China Notes ‘Recent Changes’ in Libya, Says it Hopes to Have an Active Role in Reconstruction

China abstained from the U.N. vote in March which authorized enforcing a no-fly zone over Libya, and later condemned airstrikes on Tripoli by allied forces. Now that the regime of Moammar Gaddhafi appears to be have fallen, the Chinese government has acknowledged “noting” political changes in Libya. From the Washington Post:

Spokesman Ma Zhaoxu said in a statement on the ministry’s website that China had noted “recent changes in the situation in Libya” and that Beijing respects the choice of the Libyan people.

Ma’s statement made no mention of Gadhafi or the rebels fighting him but said Beijing was ready to work with the international community on rebuilding Libya.

“The Chinese side respects the choice of the Libyan people and hopes the situation in Libya can return to normal as soon as possible,” Ma said. “China is willing to work together with the international community and to play an active role in the future reconstruction of Libya.”

After fighting erupted in Libya in February, China evacuated 35,000 of its citizens working there. Estimates of China’s investments in Libya before the conflict began run as high as $18 billion.

Xinhua continues:

“We have noticed recent changes in the Libyan situation and we respect the Libyan people’s choice,” said Chinese Foreign Ministry spokesman Ma Zhaoxu when responding to a question on the civil war in Libya.

Earlier, a senior official from the National Transitional Council (NTC) said that opposition forces controlled the entire capital.

“(We) hope that the Libyan situation will stabilize at an early date so that people there can live a normal life,” he said.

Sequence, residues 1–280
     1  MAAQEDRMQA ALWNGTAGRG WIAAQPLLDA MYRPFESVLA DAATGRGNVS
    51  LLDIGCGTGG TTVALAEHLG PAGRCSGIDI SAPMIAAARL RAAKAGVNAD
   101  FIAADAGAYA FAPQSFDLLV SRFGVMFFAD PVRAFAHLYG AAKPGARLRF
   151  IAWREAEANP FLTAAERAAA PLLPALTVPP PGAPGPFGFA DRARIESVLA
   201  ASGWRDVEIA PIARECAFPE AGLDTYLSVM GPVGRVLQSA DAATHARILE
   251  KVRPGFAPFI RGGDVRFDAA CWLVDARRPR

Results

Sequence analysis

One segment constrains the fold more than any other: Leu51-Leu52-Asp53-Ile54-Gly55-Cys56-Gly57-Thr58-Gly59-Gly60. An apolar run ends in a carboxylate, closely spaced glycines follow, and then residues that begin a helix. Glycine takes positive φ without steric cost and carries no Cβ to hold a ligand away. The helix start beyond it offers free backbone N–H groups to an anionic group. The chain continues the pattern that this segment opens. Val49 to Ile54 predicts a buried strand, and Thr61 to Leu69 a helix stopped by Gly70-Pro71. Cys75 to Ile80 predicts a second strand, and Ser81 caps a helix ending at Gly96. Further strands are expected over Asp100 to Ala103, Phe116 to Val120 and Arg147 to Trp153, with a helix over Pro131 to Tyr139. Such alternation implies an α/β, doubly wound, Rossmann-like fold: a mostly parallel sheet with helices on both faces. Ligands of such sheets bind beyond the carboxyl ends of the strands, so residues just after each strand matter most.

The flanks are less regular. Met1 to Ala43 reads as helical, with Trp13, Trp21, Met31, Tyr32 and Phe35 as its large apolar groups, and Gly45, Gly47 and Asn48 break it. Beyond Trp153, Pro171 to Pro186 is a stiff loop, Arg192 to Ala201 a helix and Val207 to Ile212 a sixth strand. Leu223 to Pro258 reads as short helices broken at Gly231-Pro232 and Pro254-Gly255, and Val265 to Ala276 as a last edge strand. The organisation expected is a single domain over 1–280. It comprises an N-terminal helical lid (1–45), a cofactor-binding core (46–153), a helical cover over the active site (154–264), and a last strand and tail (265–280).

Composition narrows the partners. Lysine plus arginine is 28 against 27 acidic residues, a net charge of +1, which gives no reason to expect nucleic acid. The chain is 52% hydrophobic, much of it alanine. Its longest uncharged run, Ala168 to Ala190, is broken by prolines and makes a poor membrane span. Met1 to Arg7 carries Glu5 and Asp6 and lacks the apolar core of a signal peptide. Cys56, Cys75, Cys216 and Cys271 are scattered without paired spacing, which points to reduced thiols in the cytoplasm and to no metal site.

Meanwhile, countries around the world are already scrambling to gain access to Libya’s considerable oil wealth, which now is mostly contracted to European companies. China, which evacuated 35,000 workers from Libya when fighting broke out in February, may or may not see a slice of the pie, the New York Times reports:

Even before taking power, the rebels were suggesting that they would remember their friends and foes, and negotiate deals accordingly.

“We don’t have a problem with Western countries like Italians, French and U.K. companies,” Abdeljalil Mayouf, a spokesman for the Libyan rebel oil company Agoco, was quoted as saying by Reuters. “But we may have some political issues with Russia, China and Brazil.”

Russia, China and Brazil did not back strong sanctions on the Qaddafi regime, and they generally supported a negotiated settlement to the fighting. All three countries have large oil companies that are seeking deals in Africa for oil reserves.


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